Typically, they may feel that their career has stalled, they are suffering from burnout, or they’re just not getting any satisfaction from their work. They also typically come in worried about how difficult it will be for them to make changes because of their age.
When it comes to a successful career transition, age is nowhere near as important as other issues. For example:
- Do you convey high levels of energy and enthusiasm to a prospective employer?
- Have you kept up to date with modern workplace thinking and behaviour?
- Are you prepared to put time and effort into achieving your dream job?
So, if we don’t focus on age-related issues, what do we focus on?
We start by mapping the Ideal World. Our clients complete simple, but telling exercises covering critical elements that affect job satisfaction. This work integrates information about personality, skills and interests, preferred work environment and career values. In this way, our clients construct their Ideal Job Fit.
The next step is for our clients to assess what is happening in their personal life – this might be as simple as the need to spend more time with an ageing parent or the desire to provide children with an expensive education. Issues such as this clearly affect an individual’s next career move.
Once the client has a clearer idea of both their Ideal World and the current realities of their personal lives, they are able to look at their options with more clarity.
Do you need to quit your job?
We find that most people think that they have only one choice if they are not longer satisfied by their job – and that is to quit. This is far from the truth. At any one time, we have several options and only one is to leave our place of work.
The most obvious career move is to aim for advancement – up. However, some people actually choose to move downwards. Employees with good networking skills may take advantage of opportunities in their organisation to move sideways. Others look to enrich their current role.
So, one of the first things for you to think about is whether you actually need to leave your organisation to achieve better career satisfaction.
For those clients who decide to stay put, we help them develop a plan so that their current employer better matches their needs.
For those clients who decide to make a career move outside of their organisation, it’s time to develop a well thought out Job Search campaign.
Four ways – that’s it, folks!
Many of our clients are surprised to discover that there are only four ways to get a job. Most effective of all is Networking –roughly 65% of people find a job this way. The three other methods are: registering with Recruitment Agencies, approaching prospective employers via Cold Calls and responding to Job Advertisements.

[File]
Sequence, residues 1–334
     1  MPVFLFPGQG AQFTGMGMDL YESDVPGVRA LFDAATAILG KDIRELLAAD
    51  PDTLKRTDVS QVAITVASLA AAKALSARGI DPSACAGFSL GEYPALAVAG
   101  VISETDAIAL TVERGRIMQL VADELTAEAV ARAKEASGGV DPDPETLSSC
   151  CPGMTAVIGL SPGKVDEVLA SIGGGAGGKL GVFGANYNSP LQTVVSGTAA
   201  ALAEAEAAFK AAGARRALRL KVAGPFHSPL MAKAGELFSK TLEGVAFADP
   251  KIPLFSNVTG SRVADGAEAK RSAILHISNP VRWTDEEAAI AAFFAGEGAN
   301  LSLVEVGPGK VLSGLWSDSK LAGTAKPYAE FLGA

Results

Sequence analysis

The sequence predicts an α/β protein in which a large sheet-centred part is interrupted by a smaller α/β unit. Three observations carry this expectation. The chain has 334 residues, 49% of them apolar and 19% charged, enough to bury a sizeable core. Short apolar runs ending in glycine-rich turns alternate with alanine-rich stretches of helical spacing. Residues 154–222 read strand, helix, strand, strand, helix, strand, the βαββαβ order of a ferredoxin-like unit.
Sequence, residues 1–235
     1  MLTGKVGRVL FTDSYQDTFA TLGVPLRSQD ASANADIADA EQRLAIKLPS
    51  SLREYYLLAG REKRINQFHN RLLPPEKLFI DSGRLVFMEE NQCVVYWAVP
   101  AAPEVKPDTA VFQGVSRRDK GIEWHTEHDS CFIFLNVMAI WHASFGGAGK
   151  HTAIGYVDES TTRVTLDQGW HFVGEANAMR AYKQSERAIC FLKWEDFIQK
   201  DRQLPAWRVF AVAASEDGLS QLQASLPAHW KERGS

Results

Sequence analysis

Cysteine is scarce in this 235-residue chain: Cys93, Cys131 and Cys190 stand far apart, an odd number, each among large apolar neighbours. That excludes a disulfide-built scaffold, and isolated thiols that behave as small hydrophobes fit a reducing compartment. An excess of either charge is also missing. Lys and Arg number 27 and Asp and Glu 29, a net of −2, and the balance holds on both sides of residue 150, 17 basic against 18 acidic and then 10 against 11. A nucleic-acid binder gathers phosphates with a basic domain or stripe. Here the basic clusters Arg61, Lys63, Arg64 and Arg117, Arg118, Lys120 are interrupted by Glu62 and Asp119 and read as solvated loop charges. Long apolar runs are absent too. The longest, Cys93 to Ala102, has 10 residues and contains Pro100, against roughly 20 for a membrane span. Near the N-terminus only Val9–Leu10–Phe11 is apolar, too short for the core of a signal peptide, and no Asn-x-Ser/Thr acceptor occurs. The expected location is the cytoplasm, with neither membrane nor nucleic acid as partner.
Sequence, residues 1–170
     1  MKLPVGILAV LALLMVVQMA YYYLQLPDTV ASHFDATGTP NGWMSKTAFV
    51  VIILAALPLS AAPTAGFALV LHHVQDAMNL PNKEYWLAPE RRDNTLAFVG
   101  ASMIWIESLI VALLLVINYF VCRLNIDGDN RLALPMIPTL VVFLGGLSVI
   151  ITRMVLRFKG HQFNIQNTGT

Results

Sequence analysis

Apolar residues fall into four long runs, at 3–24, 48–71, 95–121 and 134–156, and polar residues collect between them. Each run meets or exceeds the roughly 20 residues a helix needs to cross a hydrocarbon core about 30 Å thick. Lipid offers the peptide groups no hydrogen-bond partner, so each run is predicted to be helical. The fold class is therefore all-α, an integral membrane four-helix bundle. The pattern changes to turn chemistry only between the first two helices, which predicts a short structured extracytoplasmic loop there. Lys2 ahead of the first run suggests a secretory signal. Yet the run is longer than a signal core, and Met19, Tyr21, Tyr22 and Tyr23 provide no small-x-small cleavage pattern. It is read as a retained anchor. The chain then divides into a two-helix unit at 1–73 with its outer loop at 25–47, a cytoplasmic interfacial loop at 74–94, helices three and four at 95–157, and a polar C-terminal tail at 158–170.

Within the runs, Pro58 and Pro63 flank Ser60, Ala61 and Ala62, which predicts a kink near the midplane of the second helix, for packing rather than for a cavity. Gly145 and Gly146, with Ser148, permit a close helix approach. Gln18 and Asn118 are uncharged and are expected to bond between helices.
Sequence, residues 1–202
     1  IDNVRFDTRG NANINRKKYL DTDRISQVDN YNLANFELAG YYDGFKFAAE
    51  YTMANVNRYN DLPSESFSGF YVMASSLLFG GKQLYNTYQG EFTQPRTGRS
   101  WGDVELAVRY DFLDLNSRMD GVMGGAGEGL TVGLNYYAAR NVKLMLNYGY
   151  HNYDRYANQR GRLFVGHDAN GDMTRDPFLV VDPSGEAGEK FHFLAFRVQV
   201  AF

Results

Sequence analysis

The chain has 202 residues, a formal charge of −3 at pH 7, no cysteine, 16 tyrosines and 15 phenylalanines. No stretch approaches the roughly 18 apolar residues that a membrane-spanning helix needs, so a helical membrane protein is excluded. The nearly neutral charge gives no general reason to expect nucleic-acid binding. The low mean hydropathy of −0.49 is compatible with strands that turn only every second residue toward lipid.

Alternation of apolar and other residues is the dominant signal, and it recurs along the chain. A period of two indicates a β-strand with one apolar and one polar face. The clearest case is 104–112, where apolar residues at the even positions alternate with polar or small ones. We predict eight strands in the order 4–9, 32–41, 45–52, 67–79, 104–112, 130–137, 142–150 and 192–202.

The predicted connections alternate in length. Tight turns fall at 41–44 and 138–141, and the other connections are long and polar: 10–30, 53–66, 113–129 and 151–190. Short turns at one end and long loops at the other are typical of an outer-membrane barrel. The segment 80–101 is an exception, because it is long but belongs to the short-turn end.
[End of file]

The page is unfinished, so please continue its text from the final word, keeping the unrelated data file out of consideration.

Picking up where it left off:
Wow Them all the Way
No matter which strategy you use, your job is to “Wow” the prospective employer.
For example, a successful application letter paints a picture of how well you match the key attributes of the role. And, it should convince the reader that you are passionately interested in the role. (see Well Rounded is Better than Thin for a Winning Application Letter)
An attractive résumé with convincing examples of achievements starts to shift the balance of power to you. The aim is to make the employer think – “Wow, can’t wait to meet this one!”
When it comes to the interview, all too often, it is the slickest performer rather than the best applicant who wins the role. Practice, practice, practice is the key. You need to find someone to rehearse with, to check that your delivery style is appealing and that your content is convincing. (see Swinging the Balance of Power to You in Job Interviews)
The final piece is to master salary negotiation. Unbeknownst to many people, you can have considerable power to achieve the combination of salary and benefits you need. Successful candidates know what the market rates are, know what they are worth and have the confidence and skill to negotiate. This is very much a case of: fortune favours the brave.
A clever employer assesses all applicants with the following thoughts in mind:
- CAN they do the job?
- WILL they do the job and, most importantly,
- Will they FIT in?
The successful candidate gives the employer a feeling of comfort that they have all these bases covered so that the employer starts to worry: “Wow, can’t wait for them to start! Are they going to accept our offer?”
Staying on Track
Whether you decide to stay put or move on, it’s a good idea to make ongoing Career Planning a standard part of your working life. The easiest way to ensure that this happens is to do one or all of the following things:
- Incorporate a 3 monthly review of your Goals and Action Plans
- Meet with a group of like minded people
- Find a mentor and incorporate Career Planning into the meetings
When I decided to stop being a French teacher many years ago, I had the support of a very astute friend. Her help enabled me to persuade prospective employers in the Hospitality Industry that I could move seamlessly across to work for them.
After working with so many people over the years, I have come to an unauthorised opinion that we can stay in a job where we are unhappy for a year, at the most. After that, I believe that we risk being damaged by the situation.
These days, valuable career information is available free of charge on the Net. Take advantage of it, find an astute friend and get started on re-shaping your career, no matter what your age.
aBOUT THE AUTHOR
Catherine Cunningham is Adelaide's leading career expert. She appears regularly in The Weekend Australian Careers section, in The Advertiser's CareerOne, as well as in online publications such as news.com.au, thenewdaily.com.au and womensagenda.com.au